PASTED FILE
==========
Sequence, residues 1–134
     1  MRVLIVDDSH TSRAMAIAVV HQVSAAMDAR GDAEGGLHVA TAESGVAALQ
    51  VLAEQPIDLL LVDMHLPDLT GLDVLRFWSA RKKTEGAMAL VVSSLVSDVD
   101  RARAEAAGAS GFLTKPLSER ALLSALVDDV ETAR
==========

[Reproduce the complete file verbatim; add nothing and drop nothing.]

Sequence, residues 1–134
     1  MRVLIVDDSH TSRAMAIAVV HQVSAAMDAR GDAEGGLHVA TAESGVAALQ
    51  VLAEQPIDLL LVDMHLPDLT GLDVLRFWSA RKKTEGAMAL VVSSLVSDVD
   101  RARAEAAGAS GFLTKPLSER ALLSALVDDV ETAR